Archives for November 2011

Bible Study: 1 Advent (B) – 2011

November 27, 2011

Grey Maggiano, Virginia Theological Seminary

“Therefore, keep awake – for you do not know when the master of the house will come, in the evening, or at midnight, or at cockcrow, or at dawn, or else he may find you asleep when he comes suddenly. And what I say to you I say to all: Keep awake.’” (Mark 13:35-37)

Revised Common Lectionary (RCL) readings:
Isaiah 64:1-9; Psalm 80:1-7, 16-18; 1 Corinthians 1:3-9; Mark 13:24-27

Isaiah 64:1-9

This reading is fantastic! Presented here as a song, Isaiah starts proclaiming God’s awesome power and glory, and somewhere in the middle he realizes that in the presence of that glory, we all messed up! “We have all become like one who is unclean, and all our righteous deeds are like a filthy cloth. We all fade like a leaf, and our iniquities, like the wind, take us away.” We finish this song not proclaiming God’s glory, but rather begging for his grace. What starts out as a song of praise becomes a lament and apology, and we, along with Isaiah, realize how far we have fallen.

As we work our way into Advent, it is tempting for us to see Jesus as we imagine him at his birth: perfect, glorious and beautiful, but also sweet, fragile, and powerless. Isaiah’s prophecy then is critical here because it reminds us that even the most faithful among us falls short in the face of the fullness of God’s glory.

As we approach Advent (and Christmas), are we really willing to let ourselves be God’s clay?

What are the awesome deeds God has done in our lives this year? Are they awesome enough to encourage us to give up a little bit more of ourselves to God?

Psalm 80:1-7, 16-18

Psalm 80 is an incredibly rich text, and it echoes many of the messages found in the reading from Isaiah. Let’s focus on verse 3 (repeated in verses 7, 18): “Restore us, O God of hosts; show the light of your countenance, and we shall be saved.” This should be our hope and prayer, that the Lord will show us His light, so that we can find salvation. If we are to truly use Advent as a time to prepare ourselves for Jesus’ arrival, we need to consider the prayers offered in this psalm. We can’t be truly ready for Christmas if we haven’t restored our relationship with God.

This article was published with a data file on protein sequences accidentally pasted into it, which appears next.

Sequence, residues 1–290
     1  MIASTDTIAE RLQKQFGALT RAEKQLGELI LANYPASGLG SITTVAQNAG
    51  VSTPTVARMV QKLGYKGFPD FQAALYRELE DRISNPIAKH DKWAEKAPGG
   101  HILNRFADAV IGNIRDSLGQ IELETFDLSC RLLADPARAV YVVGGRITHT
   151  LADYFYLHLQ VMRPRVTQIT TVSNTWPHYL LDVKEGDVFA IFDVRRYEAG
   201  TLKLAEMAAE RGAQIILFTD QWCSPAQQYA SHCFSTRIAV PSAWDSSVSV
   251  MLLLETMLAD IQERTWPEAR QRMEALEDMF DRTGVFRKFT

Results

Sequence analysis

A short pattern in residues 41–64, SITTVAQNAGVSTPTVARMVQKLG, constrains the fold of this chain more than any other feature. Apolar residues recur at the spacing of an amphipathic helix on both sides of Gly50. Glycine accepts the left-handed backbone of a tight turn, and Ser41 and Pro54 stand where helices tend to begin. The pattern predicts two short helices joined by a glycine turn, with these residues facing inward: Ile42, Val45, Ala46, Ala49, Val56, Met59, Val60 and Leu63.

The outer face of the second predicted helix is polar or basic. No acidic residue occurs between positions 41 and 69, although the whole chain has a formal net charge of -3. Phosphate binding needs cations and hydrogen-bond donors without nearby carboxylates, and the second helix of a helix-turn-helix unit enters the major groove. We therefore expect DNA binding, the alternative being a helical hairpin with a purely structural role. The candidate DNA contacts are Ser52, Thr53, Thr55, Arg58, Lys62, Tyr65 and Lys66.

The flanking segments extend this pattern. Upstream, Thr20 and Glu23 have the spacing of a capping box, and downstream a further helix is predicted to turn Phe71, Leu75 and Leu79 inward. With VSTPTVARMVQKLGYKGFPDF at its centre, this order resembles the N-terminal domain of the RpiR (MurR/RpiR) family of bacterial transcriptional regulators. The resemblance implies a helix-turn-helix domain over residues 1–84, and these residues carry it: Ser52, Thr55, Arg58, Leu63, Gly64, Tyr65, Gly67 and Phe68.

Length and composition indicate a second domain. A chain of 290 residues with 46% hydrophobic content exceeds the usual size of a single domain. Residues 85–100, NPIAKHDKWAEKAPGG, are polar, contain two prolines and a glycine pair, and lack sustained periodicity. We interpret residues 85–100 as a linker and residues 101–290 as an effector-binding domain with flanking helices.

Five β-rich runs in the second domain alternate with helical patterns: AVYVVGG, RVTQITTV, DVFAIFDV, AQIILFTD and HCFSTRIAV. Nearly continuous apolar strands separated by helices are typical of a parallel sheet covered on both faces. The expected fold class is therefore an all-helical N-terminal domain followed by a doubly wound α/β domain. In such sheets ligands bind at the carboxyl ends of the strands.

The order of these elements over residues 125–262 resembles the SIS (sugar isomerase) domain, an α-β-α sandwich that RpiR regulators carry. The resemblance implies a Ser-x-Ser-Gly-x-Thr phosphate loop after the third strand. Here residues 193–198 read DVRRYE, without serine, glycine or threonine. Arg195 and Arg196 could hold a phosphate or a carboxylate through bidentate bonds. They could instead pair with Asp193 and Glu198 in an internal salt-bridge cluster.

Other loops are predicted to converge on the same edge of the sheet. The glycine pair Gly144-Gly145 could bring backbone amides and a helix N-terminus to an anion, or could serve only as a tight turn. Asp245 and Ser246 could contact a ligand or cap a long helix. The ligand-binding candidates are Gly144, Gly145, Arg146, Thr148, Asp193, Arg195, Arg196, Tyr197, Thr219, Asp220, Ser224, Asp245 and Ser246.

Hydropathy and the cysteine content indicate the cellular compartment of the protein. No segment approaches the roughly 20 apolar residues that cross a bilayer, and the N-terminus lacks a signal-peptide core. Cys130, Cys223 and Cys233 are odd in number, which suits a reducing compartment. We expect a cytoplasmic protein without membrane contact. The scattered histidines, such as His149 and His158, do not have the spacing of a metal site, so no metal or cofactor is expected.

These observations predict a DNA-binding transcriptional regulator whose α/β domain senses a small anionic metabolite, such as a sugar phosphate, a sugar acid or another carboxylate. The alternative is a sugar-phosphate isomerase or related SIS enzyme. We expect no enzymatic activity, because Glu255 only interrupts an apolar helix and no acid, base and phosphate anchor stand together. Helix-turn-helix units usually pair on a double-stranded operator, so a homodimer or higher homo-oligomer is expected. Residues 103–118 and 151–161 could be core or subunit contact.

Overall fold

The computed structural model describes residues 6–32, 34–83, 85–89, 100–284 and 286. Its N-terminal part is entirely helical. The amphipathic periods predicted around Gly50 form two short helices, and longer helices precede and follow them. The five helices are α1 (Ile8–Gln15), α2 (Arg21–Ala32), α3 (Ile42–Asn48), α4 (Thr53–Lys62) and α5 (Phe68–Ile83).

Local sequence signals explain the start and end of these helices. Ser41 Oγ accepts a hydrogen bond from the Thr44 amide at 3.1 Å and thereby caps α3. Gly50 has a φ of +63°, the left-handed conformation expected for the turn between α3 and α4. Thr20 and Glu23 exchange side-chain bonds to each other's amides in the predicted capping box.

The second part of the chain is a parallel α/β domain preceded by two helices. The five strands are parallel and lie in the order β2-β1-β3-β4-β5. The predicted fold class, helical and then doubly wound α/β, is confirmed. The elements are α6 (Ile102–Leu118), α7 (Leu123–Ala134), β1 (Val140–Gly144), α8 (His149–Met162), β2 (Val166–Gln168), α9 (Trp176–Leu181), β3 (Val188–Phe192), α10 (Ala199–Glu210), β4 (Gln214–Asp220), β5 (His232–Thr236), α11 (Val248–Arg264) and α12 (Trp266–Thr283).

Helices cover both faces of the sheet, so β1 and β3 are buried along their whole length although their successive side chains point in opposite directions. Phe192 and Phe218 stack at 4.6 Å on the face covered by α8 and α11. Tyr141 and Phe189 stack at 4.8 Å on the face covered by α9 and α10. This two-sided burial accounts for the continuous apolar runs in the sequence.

Before we are ready to welcome Jesus into the world, what needs to be restored within us? Who have we fed with the bread of tears? Which of our neighbors have we derided? Have we been laughing at our enemies?

1 Corinthians 1:3-9

In the middle of the lectionary, right where we need it, and when we least expect it, we are given this gift of grace. Paul’s letter to the Corinthians reminds us of the strength given to us through our faith, and that this strength will ensure we are blameless on the day of our Lord, which is rapidly approaching. Step back. Breathe. Have faith. God loves you.

Mark 13:24-37

The readings for the First Sunday of Advent are a reminder of the constant cycle of sin and redemption that we, as humans and as believers, are party to. We strive for righteousness, fall short, beg God for assistance, are lifted back up, and then fall down again. It is only through Jesus’ grace that we achieve righteousness. These readings always strike a dissonant chord for me in the liturgical season of Advent; but as our professors remind us in seminary, Dissonance is good! Listen to it!

We close out today’s readings with a meditation on the end times: Sun darkening, no light from the moon, stars falling from the sky, the very powers of heaven shaken. These do not sound like good times. What’s more is that these do not sound like particularly appropriate messages for Christmas! Whose idea was this? Didn’t we get enough penance in Isaiah and today’s psalm? Where is our happy, hopeful, celebratory message to get us ready for the next four weeks?

Well, we should always be a little unsettled about the prospect of Jesus’ return. Just as Jesus’ birth was unsettling in his time; being born to an unmarried couple, far from home, into a politically volatile world that he was destined to destabilize. Perhaps this reading encourages us to consider a new way celebrate Christmas?